Come November, several parts of North India will gear up for what’s become the new normal now — smog.
This environmental and health hazard has been often linked to the practice of stubble burning
that’s common among farmers across north India. Due to the absence of economically viable and convenient solutions, the farmers are left with no choice but to burn their crop remains. According to the National Academy of Agricultural Sciences, nearly 23 million tonnes of rice residue is burnt every year, releasing 34 million tonnes of carbon dioxide emissions, and engulfing large parts of north India with thick layers of smog.
To address this issue, the EY Foundation
India, the not-for-profit arm of Indian member firms of EY Global, along with India ParyavaranSahayak (IPS) Foundation has implemented a cost-efficient and scalable solution to address the air quality
issue. The grants provided by the EY Foundation
will be used to spread awareness and drive usage of in-field straw management practices among farmers to reduce air pollution
caused due to crop residue burning.
The first phase of the project will cover over 300 villages in five districts of Punjab, which have been observed to have high prevalence of crop burning.
Last year, paddy was grown on around 30 lakh hectares of agricultural land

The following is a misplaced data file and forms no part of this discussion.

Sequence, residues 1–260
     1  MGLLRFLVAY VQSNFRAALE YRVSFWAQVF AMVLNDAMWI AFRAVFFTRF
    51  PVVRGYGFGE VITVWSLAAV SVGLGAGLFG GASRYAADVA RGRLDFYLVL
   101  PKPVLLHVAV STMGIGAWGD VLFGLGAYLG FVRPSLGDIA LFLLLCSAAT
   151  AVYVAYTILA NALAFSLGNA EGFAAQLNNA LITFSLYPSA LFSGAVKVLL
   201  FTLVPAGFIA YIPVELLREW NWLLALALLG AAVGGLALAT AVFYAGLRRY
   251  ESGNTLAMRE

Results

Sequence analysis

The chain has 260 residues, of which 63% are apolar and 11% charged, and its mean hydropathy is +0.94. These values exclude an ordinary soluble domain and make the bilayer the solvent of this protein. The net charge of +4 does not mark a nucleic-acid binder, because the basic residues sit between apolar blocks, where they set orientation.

in the state, generating almost 19.7 million tonnes of paddy straw. Of this, almost 22 per cent was used in biomass-based power plants, cardboard mills and as animal fodder. The rest was burnt. A total of 43,660 cases of crop residue burning
were recorded using the satellite imagery. “We hope through our awareness campaigns we will be able to enlighten the farmers who have till now not adapted to a different strategy,” says Sridhar Iyer, national director, EY Foundation
The cost of using a straw management system and happy seeder — the two alternate practices — is comparable to the overall costs incurred by the farmers in making the land ready for cultivation after burning the crop residue. The system is estimated to not only help in increasing average yield of wheat by 2-4 per cent over a period of time (as compared to conventional methods) but also lead to savings in water while improving soil health. Over the next two years, IPS Foundation
expects reduction of carbon dioxide emissions by 3 lakh tonnes and water savings of 48 million litres.
For educating the farmers, the organisation has devised a two-pronged strategy. First being awareness creation wherein the farmers will be taught about the technology, scheme and the machines that they have to use. Experts from Punjab Agricultural university and Agricultural Department of Punjab have been roped in for the sessions that will also include first-hand experience of farmers who have already adopted the new technology. Second approach is through below the line activities that is, street plays and wall paintings, and working closely with small farmer groups. “A farmer knows that they have to adopt this methodology especially after the Supreme Court order,” says Iyer adding that they only need people to share their experiences.
“We have started with a 45-day training that will go on till September-end as October is the harvest season. The work is on in five districts with over 160 villages being a part of it,” says Bhatia adding “we are targeting 100 such farmer sessions and by end of 2018, we are hoping to target 100,000 farmers in multiple ways”.